Today we’re talking about two things — efforts to remove mentions of climate change from Florida textbooks and temporary tax breaks that are really just gimmicks.

Let’s start with the gimmicks.

Scott Maxwell
Scott Maxwell ( Provided )

You’re going to hear a lot this month from Florida politicians who want you to thank them for giving you a “Freedom Month Sales Tax Holiday” in July.

Politicians from both parties pat themselves on the backs for this. In fact, this year’s “Freedom” tax breaks were approved unanimously by the Legislature. Just know that economists roundly agree that these temporary tax breaks are little more than “political gimmicks” that “distract policymakers and taxpayers from genuine, permanent tax relief,” as the hard-core tax opponents at Tax Foundation put it.

Here are four reasons why:

1. These breaks benefit tourists, not just Floridians. This month’s “freedom” break exempts taxes on things like sunscreen, sunglasses, snorkels and tickets to concerts and sporting events — all things tourists purchase. In fact, every time Florida politicians want to raise sales taxes, they stress that tourists pay many of those costs. Well, obviously the reverse is true. Meaningful tax relief for Floridians would target Floridians.

2. The trade-off is lame. Florida — a state that claims it doesn’t have enough money to properly pay teachers or provide services to families with disabilities — will lose $90 million in tax revenue this month, according to state economists. In exchange, you save 36 cents on a bottle of insect repellent. As does every visitor from Canada and Brazil.

3. Temporary tax breaks — whether for summer fun or back-to-school — don’t do squat to “stimulate the economy.” If your kid needs a new calculator, he needs a new calculator. The only thing that might change is when you buy it.

4. Some retailers actually raise prices during the tax holidays, “reducing consumer savings,” notes the Tax Foundation.

Still, the biggest problem economists have with temporary tax breaks is that they’re used as gimmicks in an attempt to distract you from real pocketbook issues — like sky-high insurance and the fact that Florida has more toll roads than any other state in America. Those things cost hard-working Floridians money every week of the year. But Florida politicians give you a few weeks where you can save a few bucks on backpacks and fishing tackle — and then expect you to thank them for the “freedom.”

Censoring ‘climate change’

You may have seen the latest example of Florida pumping out stupid the way Texas does oil in Sunday’s Orlando Sentinel under this headline: “Textbook authors told climate change references must be cut to get Florida’s OK.”

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Yes, Florida is now approaching science and education like a 2-year-old: If you don’t like something, just pretend it doesn’t exist.

Pay no attention to the rising waters frequently flooding Miami. If we just tell students they can’t learn about climate change, it’s no longer a problem.

The potential here is amazing. Next, we can ban words like “hurricane” and “mosquito.” Soon, all our problems will disappear.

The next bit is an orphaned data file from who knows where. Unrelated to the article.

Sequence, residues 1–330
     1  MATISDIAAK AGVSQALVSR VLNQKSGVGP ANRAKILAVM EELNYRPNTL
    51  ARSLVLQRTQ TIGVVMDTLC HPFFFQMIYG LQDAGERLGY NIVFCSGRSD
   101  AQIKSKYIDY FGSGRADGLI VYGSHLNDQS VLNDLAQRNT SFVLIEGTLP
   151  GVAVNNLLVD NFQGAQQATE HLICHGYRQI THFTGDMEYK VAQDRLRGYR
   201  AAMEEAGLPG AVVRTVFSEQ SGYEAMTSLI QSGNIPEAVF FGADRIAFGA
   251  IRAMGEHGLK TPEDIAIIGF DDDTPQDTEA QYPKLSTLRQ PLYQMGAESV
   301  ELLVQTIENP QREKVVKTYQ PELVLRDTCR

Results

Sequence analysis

To be fair, the authors and publishers who spoke to the Sentinel said that Gov. Ron DeSantis’ education department didn’t order them to cut all climate-change references from their science textbooks. Just a lot of them — including an entire section from a high school chemistry book.

Maybe you don’t think climate change has anything to do with chemistry. Do you know who disagrees? Chemists.

The American Chemical Society says “the chemistry enterprise has a critical role to play in helping to mitigate climate change by developing green technologies to meet (greenhouse gas) reduction targets.”

And the Royal Society of Chemistry says chemistry is crucial “to tackling climate change,” going on to say: “The chemical sciences help us to understand, mitigate, and adapt to climate change.”

So the chemists say chemistry and climate change are integrally linked. But what do those dumb scientists know?

That last sentence could increasingly be Florida’s motto.

We’ve got a surgeon general who hangs out with “doctors” who believe in demon sperm and conspiracy theorists who believe humanity is controlled by the Illuminati and a “Babylonian blood-cult.” So of course we’re rejecting chemists’ advice on chemistry.

This isn’t the first time DeSantis has gone after climate change. He also recently signed a bill that removed references to “climate change” from existing statutes. In doing so, DeSantis said he was “rejecting the agenda of the radical green zealots.”

A friend said “Radical Green Zealots” sounds like the name of a grunge band that should be playing at Will’s Pub this weekend. But I think the governor was going for scary, hoping that when you think of “climate change,” you’ll envision Greta Thunberg storming the shores of Lake Eola aboard an anti-whaling ship as she tries to confiscate everyone’s gas stove.

In reality, virtually everyone agrees the climate is changing. While there is some debate about how much of it is man-made and what we might be able to do to impact it, as NASA explains: “the vast majority of actively publishing climate scientists — 97% — agree that humans are causing global warming and climate change.”

So you’ve got 97% of scientists on one hand and a handful of politicians and moms-for-censorship types on the other.

I think all parents and educators want textbooks vetted. And it’s probably only natural for there to be some give and take in the editing process. But I also think most of us would like scientists to write our science books and chemists to choose our chemistry lessons. And when those raising red flags about scientific censorship in Florida include the president of the board of the National Center for Science Education, that’s reason to be concerned.

©2024 Orlando Sentinel. Distributed by Tribune Content Agency, LLC.